Water and sewerage bills in England and Wales will go up by 4.6% this April, to an average of £356 per household.
The coming financial year is the second of the current five-year policy under which prices will be allowed to rise roughly in line with inflation.
The policy, first announced by the regulator Ofwat in 2009, lasts from 2010 to 2015.
Ofwat said the profits generated by higher prices would help finance £22bn of spending on improved services.
"People can shop around for the best deal on many things, but not water. Our job is to do this for them," said Regina Finn, Ofwat chief executive.
"This will deliver real benefits to consumers - from almost ten million people's water supplies being better protected from events such as flooding to cleaner rivers and beaches," she added.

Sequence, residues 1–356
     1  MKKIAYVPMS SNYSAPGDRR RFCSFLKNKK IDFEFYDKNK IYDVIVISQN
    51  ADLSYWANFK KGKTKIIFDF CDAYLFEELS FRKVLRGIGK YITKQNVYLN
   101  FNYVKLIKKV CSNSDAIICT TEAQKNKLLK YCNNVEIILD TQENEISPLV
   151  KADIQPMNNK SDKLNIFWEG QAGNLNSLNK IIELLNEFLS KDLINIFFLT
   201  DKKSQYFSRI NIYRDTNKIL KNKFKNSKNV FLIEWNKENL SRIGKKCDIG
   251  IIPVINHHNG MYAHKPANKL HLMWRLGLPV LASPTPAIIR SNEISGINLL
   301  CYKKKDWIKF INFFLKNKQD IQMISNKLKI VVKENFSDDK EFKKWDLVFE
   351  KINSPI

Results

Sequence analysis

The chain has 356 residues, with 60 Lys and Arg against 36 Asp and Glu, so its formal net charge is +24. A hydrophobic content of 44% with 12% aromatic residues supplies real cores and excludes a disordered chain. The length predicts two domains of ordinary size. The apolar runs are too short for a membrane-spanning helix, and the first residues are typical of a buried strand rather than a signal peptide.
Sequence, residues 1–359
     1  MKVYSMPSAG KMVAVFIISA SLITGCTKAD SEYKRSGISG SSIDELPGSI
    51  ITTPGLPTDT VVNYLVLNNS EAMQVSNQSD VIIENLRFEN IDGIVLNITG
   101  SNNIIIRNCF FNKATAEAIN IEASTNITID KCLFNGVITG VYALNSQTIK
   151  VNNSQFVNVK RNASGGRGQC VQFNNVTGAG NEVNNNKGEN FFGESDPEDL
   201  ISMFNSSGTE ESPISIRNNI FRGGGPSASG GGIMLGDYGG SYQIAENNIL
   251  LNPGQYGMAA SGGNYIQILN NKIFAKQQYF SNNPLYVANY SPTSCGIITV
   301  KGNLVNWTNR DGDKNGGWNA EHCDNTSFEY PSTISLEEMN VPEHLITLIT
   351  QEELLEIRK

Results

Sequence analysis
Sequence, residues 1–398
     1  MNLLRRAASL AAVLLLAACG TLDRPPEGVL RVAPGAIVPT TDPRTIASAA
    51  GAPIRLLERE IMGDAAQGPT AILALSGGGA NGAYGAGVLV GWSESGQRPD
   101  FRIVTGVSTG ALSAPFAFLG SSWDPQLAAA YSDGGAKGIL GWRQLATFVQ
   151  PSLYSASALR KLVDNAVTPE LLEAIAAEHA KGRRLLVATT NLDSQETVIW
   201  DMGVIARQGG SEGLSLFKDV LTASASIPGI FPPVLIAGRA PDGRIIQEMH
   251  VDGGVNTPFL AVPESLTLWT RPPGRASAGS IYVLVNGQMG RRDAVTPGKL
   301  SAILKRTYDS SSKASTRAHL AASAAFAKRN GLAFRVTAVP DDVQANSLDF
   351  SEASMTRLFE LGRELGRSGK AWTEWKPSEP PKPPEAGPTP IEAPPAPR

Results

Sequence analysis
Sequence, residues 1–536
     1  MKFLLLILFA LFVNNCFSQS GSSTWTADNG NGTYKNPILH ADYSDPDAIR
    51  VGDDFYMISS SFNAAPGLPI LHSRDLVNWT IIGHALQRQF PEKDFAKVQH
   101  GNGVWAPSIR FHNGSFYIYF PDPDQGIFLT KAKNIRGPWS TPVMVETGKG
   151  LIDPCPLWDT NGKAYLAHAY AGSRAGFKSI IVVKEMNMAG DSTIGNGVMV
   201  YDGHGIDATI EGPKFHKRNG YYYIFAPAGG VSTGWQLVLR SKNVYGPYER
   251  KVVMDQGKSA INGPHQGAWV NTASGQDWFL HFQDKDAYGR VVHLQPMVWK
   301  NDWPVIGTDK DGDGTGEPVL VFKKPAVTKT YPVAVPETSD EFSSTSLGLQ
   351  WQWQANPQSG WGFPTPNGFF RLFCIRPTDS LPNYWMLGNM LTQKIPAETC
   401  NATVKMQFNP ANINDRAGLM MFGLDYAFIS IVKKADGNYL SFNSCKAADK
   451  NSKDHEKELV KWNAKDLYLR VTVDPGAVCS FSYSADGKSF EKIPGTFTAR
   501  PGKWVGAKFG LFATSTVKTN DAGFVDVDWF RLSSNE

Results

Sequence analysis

The precise bills that households receive will vary according to their local water company and whether or not they are on a water meter.
The average figure is not a uniform rise for all firms and disguises wide variations from one part of the country to another.
Among the big combined water and sewerage firms, the smallest forecast increase this coming year, according to Ofwat's figures, is likely to be 2.7%, or £11, for customers of Welsh Water.
The largest rise will be 7.8% or £24 for customers of Northumbrian Water.
Among the smaller water-only firms, customers of Portsmouth Water will receive bills that are just 2.5% higher this coming year, an increase of £2.
Customers of Bristol Water will have to pay an extra £13 this year, a rise of 8.2% on their water bills.